The latter is also true of Joel Hale, although the 305-pound freshman is at the other end of the experience spectrum and may be just scratching the surface of what he can do…
At linebacker, Andrew Sweat and Etienne Sabino are both strong guys who can really run and deliver a blow. Both are good athletes and should have no problem in pass coverage or against the run.
Dorian Bell looked ready to blossom as he harnessed his aggression into positive football play, but his work is all for naught thanks to a season-long suspension. How much of a blow that turns out to be for the defense probably will be determined by the health of Sweat, Sabino and Tyler Moeller (more on him later).
Bell might have been the third linebacker, but it was tough to tell with Storm Klein often on the sidelines battling a hamstring issue and Jonathan Newsome off trying to convince Jim Tressel he can mind his Ps and Qs long enough to be trusted with playing time.
Somewhat forgotten last year, Jordan Whiting made notable strides this spring, including a seven-tackle, one-sack performance in the spring game. He is suspended for the opener, but he might be a better option than he looked like this time in 2010.
True freshman Ryan Shazier also fought the injury bug, but he offers an intriguing combination of size and athleticism. He might have the chops to be the answer at Sam linebacker thanks to his experience as a high school defensive end, but he has a long way to go…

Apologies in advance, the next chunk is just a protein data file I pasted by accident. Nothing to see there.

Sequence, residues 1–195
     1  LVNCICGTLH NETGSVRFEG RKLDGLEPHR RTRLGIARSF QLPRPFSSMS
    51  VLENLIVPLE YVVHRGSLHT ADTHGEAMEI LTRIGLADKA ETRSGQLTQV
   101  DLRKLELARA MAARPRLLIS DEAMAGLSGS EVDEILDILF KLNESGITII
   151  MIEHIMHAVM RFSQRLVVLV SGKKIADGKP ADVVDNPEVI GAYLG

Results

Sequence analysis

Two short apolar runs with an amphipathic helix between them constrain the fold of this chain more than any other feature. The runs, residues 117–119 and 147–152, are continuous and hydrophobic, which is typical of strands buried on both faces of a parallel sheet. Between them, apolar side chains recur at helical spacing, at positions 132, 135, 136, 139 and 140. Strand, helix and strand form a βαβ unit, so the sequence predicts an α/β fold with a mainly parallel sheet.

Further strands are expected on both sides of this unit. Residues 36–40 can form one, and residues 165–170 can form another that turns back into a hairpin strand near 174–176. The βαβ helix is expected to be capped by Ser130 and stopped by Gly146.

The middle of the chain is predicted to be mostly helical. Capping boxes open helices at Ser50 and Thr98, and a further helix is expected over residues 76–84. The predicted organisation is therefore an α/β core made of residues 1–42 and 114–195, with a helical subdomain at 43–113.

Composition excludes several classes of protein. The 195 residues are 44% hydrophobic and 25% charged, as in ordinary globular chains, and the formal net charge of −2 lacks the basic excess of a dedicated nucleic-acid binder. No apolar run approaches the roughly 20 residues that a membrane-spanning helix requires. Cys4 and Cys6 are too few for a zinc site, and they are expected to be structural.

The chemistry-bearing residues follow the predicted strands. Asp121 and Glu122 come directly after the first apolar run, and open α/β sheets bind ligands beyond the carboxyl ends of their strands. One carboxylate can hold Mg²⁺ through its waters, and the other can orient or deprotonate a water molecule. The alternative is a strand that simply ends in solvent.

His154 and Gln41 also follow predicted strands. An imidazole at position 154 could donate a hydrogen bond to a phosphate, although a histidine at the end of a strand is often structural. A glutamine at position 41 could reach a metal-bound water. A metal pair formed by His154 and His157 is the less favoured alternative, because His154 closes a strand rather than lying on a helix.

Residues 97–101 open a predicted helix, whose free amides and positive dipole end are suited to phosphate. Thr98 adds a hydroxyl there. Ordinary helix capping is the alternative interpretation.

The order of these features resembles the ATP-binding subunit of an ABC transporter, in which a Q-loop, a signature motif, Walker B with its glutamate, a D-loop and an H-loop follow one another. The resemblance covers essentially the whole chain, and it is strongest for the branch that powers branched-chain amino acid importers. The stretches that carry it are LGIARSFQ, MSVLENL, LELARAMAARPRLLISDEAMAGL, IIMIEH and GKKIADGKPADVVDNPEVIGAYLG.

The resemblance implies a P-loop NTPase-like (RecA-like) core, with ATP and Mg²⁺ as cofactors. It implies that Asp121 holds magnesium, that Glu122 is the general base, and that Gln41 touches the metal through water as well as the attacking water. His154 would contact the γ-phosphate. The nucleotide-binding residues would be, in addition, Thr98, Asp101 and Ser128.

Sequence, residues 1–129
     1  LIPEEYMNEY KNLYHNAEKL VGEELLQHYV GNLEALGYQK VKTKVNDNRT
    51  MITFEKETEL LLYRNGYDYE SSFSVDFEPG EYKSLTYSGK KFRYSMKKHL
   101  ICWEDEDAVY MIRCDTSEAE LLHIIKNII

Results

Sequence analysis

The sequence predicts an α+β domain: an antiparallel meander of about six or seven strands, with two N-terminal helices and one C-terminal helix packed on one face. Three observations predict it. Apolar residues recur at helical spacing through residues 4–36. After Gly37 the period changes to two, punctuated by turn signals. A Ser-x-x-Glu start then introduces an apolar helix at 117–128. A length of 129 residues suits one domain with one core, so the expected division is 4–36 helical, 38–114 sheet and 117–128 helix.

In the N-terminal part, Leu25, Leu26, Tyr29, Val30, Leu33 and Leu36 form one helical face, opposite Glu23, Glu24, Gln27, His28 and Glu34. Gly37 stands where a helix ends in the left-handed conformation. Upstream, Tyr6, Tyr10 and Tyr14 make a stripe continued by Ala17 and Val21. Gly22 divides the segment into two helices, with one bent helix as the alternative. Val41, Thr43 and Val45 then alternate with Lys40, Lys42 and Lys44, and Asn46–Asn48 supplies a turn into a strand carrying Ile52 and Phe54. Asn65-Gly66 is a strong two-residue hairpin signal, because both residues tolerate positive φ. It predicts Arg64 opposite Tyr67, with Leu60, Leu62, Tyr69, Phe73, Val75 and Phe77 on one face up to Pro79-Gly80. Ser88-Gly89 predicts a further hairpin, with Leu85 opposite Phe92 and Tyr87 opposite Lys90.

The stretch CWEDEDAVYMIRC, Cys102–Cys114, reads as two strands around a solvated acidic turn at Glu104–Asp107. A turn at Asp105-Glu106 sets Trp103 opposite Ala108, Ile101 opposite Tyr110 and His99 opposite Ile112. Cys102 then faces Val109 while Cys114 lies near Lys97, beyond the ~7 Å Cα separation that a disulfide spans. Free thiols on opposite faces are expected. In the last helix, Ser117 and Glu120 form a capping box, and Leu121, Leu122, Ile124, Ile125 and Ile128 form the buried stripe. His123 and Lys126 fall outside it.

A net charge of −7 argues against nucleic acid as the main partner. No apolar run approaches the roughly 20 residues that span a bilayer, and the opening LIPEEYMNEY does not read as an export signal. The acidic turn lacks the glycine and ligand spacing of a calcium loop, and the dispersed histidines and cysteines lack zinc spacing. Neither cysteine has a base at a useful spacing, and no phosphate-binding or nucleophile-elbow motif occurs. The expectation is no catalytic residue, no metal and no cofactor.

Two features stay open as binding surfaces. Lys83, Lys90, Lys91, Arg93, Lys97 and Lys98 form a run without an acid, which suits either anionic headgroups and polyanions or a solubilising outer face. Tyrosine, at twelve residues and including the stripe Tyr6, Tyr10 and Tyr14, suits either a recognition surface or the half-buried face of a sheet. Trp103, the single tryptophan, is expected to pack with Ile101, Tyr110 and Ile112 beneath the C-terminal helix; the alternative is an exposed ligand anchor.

Cornerback was perhaps the most revelatory position this spring as Travis Howard, Dominic Clarke, Dionte Allen and Bradley Roby all proved themselves worthy of claiming one of the two open starting spots.
Howard presumably has one all but locked up as he was the No. 3 guy last year and played well in the role, but Roby might have had the best spring. He made the most plays during open scrimmages, and his teammates say he has great instincts for man coverage. Clarke and Allen are both physical players who are not afraid to fly around, perhaps reminiscent of the style of cornerback often seen around these parts in the late 1990s under Fred Pagac Sr. and Jon Tenuta.
(Could a different type of player result in a different style of defense? I doubt it, but I thought I’d throw it out there just to get your hopes up)…
As good as the cornerback play seemed to be, we saw little progress at safety.
Orhian Johnson looked better as he played faster and limited mistakes, but he still took some poor routes to the ball and needs more work as a tackler.
Freshmen Ron Tanner and Jeremy Cash flashed some potential, but they are quite raw.
Pretty much everyone else was hurt for some or all of spring, although all are expected to be ready to go for preseason camp in August…
Finally, I saved the best for last: The Star position.
Holding the aforementioned Moeller out of contact obscured what the defense is likely to look like most of the time this fall (more on that in a future post), but it also opened the way for an intriguing prospect to step forward.
That would be Chad Hagan, a 225-pound redshirt freshman who did not practice last season because of a leg injury, played both Star and Sam linebacker and might be another of Tressel’s patented diamonds in the rough, this one a big guy who runs likes a safety and hits like a linebacker.
Safeties Nate Oliver and Christian Bryant (when healthy) also saw time at Star, as they have in the past.Follow @marcushartman